A study of tadpoles suggests that destructive molecules linked to ageing and cancer could play an important role in healing.
Scientists investigating how tadpoles regrow severed tails found an unexpected link to oxygen molecules normally considered highly harmful to health.
Without the molecules, known as reactive oxygen species (ROS), the tails would not regenerate.
Reactive oxygen molecules damage DNA and cell membranes and are associated with heart disease, cancer, and ageing.
Millions of people take antioxidant supplements to combat their effects. Health advice also encourages people to increase their consumption of antioxidant-rich fruits and vegetables.
But the new research suggests that ROS may have a previously unknown beneficial role in the healing process.
A number of animals, especially amphibians such as frogs and salamanders, have regenerative powers not shared by mammals.
If a tadpole loses its tail, it will grow a new one within a week.
Scientists know that regeneration of body parts involves a genetic pathway called Wnt, but many aspects of it remain a mystery.
Unravelling the secrets of tadpole regeneration could on one day lead to new healing treatments.
Researchers at the University of Manchester found that several metabolic genes were activated during tail regeneration in tadpoles. They included those involved in the production of ROS, in particular the powerfully destructive molecule hydrogen peroxide.
A marked increase in hydrogen peroxide levels occurred after tadpole tails were docked which remained throughout the regeneration process.
Lead scientist Professor Enrique Amaya, whose findings appear in the journal Nature Cell Biology, said: "When we decreased ROS levels, tissue growth and regeneration failed to occur.
"Our research suggests that ROS are essential to initiate and sustain the regeneration response. We also found that ROS production is essential to activate Wnt signalling, which has been implicated in essentially every studied regeneration system, including those found in humans. It was also striking that our study showed that antioxidants had such a negative impact on tissue regrowth, as we are often told that antioxidants should be beneficial to health."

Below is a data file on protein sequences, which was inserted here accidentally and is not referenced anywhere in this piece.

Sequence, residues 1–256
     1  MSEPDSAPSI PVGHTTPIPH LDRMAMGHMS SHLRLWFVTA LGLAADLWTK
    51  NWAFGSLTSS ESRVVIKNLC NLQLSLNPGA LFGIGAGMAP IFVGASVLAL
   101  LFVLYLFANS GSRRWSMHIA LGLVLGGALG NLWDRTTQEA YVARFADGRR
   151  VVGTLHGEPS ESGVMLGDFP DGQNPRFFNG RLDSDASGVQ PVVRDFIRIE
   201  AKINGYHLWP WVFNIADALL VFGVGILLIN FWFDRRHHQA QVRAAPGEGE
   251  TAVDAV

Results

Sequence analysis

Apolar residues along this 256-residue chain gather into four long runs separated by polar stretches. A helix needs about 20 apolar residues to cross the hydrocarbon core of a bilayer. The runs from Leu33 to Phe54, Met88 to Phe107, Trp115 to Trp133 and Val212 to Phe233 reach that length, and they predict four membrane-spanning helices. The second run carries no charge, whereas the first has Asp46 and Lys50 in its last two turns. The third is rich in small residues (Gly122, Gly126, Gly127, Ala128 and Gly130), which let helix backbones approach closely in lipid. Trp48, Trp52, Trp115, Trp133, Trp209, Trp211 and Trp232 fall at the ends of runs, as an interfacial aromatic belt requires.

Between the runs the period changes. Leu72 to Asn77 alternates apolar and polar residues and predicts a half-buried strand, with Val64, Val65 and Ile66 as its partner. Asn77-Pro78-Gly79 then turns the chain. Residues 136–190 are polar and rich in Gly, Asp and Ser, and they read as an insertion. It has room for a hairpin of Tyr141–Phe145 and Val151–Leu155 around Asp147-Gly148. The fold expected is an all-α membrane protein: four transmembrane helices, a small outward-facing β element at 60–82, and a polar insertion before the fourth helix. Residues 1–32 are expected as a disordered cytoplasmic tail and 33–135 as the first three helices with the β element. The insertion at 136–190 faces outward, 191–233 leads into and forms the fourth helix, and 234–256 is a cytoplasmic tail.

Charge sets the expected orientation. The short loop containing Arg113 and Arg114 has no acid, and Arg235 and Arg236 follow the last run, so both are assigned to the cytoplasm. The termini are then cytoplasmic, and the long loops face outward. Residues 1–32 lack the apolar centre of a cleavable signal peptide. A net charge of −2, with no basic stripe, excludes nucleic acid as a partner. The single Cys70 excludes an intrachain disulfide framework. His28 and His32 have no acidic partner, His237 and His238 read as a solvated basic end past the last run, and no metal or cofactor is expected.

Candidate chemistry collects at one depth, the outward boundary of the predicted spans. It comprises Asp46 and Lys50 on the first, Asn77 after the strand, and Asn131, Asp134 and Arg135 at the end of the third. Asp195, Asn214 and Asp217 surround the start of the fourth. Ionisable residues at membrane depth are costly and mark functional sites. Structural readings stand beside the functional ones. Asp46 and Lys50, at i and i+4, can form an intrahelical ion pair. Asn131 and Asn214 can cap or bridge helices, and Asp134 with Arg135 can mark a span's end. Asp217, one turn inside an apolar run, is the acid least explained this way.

Results of a massive gene analysis, published last month in the journal Nature, shows that there are four major classes of breast cancer, the Associated Press reported. "With this study, we're one giant step closer to understanding the genetic origins of the four major subtypes of breast cancer," study researcher Matthew Ellis, M.B., B.Chir., Ph.D., of the Washington University School of Medicine and the Siteman Cancer Center, said in a statement. "Now, we can investigate which drugs work best for patients based on the genetic profiles of their tumors," he added in the statement. "For basal-like breast tumors, it's clear they are genetically more similar to ovarian tumors than to other breast cancers. Whether they can be treated the same way is an intriguing possibility that needs to be explored."
Men are less likely to get breast cancer than women -- but when they do, it's often deadlier, according to a study presented earlier this year at the American Society of Breast Surgeons meeting. The Associated Press reported that men diagnosed with breast cancer live, on average, two fewer years than women who are diagnosed with breast cancer, and are also more likely to have the breast cancer spread, have larger tumors when the cancer is discovered, and be diagnosed later.